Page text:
A little protectionism could go a long way toward solving economic crisis…

September 13, 2009

I’m always repeating myself, but I will say it again: capital (or business) knows no patriotism.

I’m glad that President Obama has decided to slap a hefty tariff on cheap Chinese tires that have flooded our market.

But wouldn’t you know it? U.S. tire companies don’t like that. That’s because they are the ones who manufacture those cheap tires – in China. They are the ones who closed down factories in the U.S. putting millions of workers out of work.

I was at the library yesterday and read a Wall Street Journal editorial decrying the tariff as unwise protectionism. Apparently the Journal cares not whether people have jobs in this country.

Yes, I know the old argument that protectionism is what led to or exacerbated conditions that created the Great Depression. And strangely enough Al Gore, usually identified as a lefty and no friend of business (even though he makes money or made money from hedge funds and even a mine he owns, I believe), used that anti-protectionism argument against the pretend populist Ross Perot all those years ago. You know, that supposed business guru who decried big government but made his fortune by securing contracts from big government. But anyway, apparently the Journal is in agreement with Gore on the protectionism thing.

Hey I like economical tires just as well as anyone else. But I like safe tires too. Do you want your loved ones, not to mention yourself, flying down the freeway on unsafe tires?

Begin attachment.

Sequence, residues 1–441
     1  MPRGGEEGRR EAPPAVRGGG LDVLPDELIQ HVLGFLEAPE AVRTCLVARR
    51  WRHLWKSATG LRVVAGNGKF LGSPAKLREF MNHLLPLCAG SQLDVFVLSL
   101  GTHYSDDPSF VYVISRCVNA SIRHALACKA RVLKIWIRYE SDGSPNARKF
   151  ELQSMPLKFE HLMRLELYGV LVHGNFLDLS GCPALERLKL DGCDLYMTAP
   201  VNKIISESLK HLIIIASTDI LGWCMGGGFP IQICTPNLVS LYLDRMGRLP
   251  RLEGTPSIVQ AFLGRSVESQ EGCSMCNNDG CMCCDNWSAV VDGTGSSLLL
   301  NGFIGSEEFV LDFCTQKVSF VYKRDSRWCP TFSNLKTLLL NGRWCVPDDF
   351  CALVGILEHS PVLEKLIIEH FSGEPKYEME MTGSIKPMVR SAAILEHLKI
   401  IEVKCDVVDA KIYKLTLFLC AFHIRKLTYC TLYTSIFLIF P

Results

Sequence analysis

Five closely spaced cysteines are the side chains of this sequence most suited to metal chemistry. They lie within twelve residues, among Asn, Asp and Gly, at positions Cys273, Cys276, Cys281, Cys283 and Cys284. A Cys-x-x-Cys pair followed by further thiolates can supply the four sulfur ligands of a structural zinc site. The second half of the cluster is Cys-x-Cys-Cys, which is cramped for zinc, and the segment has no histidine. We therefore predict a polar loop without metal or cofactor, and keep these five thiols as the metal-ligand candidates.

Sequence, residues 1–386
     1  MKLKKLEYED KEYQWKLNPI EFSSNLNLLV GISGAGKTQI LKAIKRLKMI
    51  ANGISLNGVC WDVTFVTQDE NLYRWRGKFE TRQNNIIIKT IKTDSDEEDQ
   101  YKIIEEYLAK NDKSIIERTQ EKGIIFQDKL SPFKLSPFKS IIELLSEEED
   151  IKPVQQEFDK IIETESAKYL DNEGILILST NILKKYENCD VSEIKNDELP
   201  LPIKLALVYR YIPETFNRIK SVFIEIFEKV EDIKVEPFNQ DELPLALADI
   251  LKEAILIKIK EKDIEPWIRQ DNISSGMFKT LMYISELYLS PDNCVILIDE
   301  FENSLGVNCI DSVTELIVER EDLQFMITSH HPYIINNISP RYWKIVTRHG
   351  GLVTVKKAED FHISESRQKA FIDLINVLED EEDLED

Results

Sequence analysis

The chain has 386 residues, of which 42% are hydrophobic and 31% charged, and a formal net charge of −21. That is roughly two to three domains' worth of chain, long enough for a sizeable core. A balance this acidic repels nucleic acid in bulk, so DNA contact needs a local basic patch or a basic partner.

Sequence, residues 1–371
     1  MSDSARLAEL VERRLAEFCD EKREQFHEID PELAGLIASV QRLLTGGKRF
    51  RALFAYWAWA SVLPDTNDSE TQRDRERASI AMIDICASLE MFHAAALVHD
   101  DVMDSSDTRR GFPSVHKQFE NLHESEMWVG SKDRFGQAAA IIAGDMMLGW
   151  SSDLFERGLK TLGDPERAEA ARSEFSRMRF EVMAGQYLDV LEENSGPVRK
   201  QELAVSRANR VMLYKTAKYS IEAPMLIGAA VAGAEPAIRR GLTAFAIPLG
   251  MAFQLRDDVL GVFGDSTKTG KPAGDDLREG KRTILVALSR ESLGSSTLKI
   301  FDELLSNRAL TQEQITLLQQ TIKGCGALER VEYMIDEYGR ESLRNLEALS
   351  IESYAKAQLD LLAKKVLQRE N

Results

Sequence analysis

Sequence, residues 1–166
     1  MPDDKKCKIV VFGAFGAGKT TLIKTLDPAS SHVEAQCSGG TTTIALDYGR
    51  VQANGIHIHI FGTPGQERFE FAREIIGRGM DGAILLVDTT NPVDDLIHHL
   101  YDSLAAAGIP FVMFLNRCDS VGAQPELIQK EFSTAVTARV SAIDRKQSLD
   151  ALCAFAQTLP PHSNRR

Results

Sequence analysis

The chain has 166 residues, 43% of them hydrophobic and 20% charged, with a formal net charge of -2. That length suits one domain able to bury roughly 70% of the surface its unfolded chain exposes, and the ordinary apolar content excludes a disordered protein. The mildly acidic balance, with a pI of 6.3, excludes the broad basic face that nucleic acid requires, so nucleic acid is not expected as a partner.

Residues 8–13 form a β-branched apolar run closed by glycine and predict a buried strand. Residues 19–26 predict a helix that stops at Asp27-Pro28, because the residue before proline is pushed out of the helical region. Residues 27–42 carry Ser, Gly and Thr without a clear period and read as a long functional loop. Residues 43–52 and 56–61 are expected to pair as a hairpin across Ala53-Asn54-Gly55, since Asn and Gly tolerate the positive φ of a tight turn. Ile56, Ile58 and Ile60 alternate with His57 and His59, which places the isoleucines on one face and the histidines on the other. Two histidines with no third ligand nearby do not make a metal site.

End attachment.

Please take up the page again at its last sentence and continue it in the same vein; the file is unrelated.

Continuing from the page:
Protectionism would not be good if it only served to protect producers of inferior domestic products when better quality could be secured from outside our borders. But the key is to have safety and quality standards and enforce them.

Also, world trade is a fact of life and a good thing. The U.S. would not want to put up a wall against all imports, if for no other reason than it would then suffer retaliation with barriers against its exports.

But at the same time, U.S. industry cannot be expected to be able to compete with low wage and even slave labor abroad.

The key is to have reasonable protection and for our own industry in a team effort between workers and management be competitive on the domestic and world markets. Where we can’t beat the competition on price, surely we can beat it on quality.

And as far as I can see it, incentives in law that encourage American-based companies to produce products outside the U.S. borders and then import them into the domestic market should be ended.

As complex as our economic problems are, how can one argue that increased domestic employment would not almost instantly solve the major part of our economic crisis?


Still not mobile with the blog yet and I have to go back out on the road — but thanks for any comments and stay tuned and as our California governor would say — I’ll be back!